Page 10: Western Australia’s Peppermint Grove council has vowed to demolish the half-built ‘‘Taj-on-Swan’’ arch and dome-concrete structure owned by the family of fallen fertiliser tycoon Pankaj Oswal despite not having a guarantee it can recoup its costs.

Page 17: Supermarket chains Woolworths and Coles could soon be facing competition from an unlikely source - the South African owner of upmarket department store chain David Jones.

Page 19: The billionaire Perich family increased its controlling stake in Freedom Foods just before the company revealed its interest in taking over dairy processor a2 Milk.

Origin Energy chief executive Grant King has issued a plea for a ‘‘thoughtful’’ outcome from the upcoming climate change talks in Paris to avoid a repeat of the ‘‘crazy’’ years that followed the commitments made at the Kyoto talks in 1997.

Page 20: Michael Malone, founder of internet service provider iiNet, and former Victorian premier Jeff Kennett will join the board of Seven West Media as the television, newspaper and magazine group looks to address the structural change in media and its push into digital.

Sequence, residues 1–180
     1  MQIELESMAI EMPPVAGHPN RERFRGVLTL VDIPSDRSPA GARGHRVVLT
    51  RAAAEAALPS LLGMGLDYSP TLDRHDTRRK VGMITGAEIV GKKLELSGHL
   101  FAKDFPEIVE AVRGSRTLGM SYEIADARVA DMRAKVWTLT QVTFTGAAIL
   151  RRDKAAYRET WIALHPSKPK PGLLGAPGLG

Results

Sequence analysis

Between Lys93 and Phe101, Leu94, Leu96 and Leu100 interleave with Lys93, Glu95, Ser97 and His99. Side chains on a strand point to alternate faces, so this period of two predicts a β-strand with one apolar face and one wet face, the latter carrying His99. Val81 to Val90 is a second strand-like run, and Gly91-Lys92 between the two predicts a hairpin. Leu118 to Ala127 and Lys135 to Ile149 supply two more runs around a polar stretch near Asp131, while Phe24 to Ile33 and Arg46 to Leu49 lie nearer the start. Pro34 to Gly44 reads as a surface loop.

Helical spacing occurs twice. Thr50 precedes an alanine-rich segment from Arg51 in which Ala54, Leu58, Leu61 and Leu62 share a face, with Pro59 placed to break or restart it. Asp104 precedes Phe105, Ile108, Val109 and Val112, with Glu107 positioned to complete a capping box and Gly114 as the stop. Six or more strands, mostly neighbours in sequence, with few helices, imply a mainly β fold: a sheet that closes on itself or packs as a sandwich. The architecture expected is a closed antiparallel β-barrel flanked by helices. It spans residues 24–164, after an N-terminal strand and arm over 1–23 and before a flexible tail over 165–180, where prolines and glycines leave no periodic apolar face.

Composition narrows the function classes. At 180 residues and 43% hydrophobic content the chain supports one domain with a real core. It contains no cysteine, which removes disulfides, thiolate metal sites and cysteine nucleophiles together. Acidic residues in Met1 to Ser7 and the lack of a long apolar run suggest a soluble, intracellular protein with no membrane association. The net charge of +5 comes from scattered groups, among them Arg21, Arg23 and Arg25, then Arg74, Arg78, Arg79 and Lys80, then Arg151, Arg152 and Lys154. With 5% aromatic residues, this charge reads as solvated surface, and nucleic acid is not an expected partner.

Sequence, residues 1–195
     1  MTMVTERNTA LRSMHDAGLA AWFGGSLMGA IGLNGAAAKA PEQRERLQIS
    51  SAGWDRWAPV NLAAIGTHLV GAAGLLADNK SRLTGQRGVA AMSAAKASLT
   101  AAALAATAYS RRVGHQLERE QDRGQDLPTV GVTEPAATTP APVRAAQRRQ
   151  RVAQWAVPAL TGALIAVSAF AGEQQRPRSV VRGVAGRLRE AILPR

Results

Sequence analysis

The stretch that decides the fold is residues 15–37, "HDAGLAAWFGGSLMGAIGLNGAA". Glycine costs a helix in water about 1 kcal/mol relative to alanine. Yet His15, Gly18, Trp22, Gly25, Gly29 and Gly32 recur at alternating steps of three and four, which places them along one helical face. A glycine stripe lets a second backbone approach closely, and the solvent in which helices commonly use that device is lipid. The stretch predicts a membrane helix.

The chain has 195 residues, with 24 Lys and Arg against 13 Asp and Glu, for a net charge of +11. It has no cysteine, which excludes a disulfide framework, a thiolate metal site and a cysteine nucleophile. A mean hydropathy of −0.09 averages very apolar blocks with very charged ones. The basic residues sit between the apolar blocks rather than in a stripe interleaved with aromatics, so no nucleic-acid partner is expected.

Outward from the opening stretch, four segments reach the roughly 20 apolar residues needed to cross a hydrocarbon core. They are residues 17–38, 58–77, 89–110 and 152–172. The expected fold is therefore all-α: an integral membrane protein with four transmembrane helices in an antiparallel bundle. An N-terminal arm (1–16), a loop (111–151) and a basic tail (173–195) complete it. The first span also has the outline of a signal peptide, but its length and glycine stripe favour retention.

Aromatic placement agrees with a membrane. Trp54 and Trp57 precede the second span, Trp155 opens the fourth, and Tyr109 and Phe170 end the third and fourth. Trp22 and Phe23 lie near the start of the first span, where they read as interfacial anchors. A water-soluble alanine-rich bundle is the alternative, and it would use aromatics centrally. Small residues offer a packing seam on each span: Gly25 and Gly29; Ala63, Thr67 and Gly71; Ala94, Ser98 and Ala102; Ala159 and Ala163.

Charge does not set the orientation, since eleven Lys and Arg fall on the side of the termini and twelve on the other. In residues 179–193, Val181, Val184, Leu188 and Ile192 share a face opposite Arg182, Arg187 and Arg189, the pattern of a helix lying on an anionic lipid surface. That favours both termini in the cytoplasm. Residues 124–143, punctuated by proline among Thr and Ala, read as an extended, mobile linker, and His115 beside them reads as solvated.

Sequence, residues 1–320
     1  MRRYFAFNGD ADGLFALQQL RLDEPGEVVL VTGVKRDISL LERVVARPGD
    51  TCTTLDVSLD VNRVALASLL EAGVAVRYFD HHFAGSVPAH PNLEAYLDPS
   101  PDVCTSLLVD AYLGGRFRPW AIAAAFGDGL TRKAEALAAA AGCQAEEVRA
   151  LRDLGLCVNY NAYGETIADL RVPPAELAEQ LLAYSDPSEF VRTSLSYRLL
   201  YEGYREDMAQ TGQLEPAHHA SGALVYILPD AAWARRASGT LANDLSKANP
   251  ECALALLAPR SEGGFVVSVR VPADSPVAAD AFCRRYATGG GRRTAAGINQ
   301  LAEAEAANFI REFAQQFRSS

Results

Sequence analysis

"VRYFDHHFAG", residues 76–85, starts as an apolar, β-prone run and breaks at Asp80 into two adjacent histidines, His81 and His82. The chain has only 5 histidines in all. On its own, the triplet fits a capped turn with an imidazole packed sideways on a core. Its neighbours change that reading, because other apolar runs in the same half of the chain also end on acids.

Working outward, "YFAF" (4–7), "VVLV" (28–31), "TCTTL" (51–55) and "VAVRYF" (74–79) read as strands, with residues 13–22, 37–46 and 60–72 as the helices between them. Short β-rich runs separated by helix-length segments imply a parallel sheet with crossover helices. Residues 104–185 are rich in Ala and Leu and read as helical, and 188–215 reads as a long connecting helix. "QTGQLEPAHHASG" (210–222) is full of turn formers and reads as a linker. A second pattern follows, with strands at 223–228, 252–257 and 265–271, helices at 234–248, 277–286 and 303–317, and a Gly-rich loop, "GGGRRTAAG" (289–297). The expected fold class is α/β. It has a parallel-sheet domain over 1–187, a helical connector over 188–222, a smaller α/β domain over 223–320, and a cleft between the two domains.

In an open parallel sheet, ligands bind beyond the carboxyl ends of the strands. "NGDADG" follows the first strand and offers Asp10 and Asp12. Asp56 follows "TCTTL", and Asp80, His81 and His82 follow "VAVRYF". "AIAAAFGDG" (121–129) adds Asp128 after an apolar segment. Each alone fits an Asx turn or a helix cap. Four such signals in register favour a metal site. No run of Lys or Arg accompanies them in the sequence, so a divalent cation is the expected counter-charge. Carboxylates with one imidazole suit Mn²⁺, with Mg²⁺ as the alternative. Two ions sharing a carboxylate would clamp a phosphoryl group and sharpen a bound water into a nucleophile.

Page 23: Perth conglomerate Wesfarmers has made its first acquisition in oil and gas production, snaring a chunk of Quadrant Energy for $US100 million ($129 million).

 

 

The Australian

Page 1: The Abbott government is preparing to stare down opponents of its trade agreements and commit to controversial provisions in the 12-nation Trans-Pacific Partnership that will allow multinational companies to sue Australian authorities in third countries.

Page 2: Tony Abbott has insisted on the need to put community safety ahead of all other concerns in the government’s new citizenship laws, amid concerns about the scale of the powers revealed to parliament yesterday after weeks of debate.

Page 4: Australia’s remarkable stretch of world-beating economic growth will end for good unless state and federal governments pursue substantial tax and competition reform, the International Monetary Fund has warned.

Page 8: Training colleges will be banned from fining students for dropping out, as the federal government tries to control a ballooning student debt that will top $3.5 billion this year.

Page 19: One of the most powerful retail bosses in the country, Mark McInnes, has lashed out at consumer advocate Choice over its claims that online shoppers could face a 250 per cent price slug when buying goods from overseas if a GST is introduced.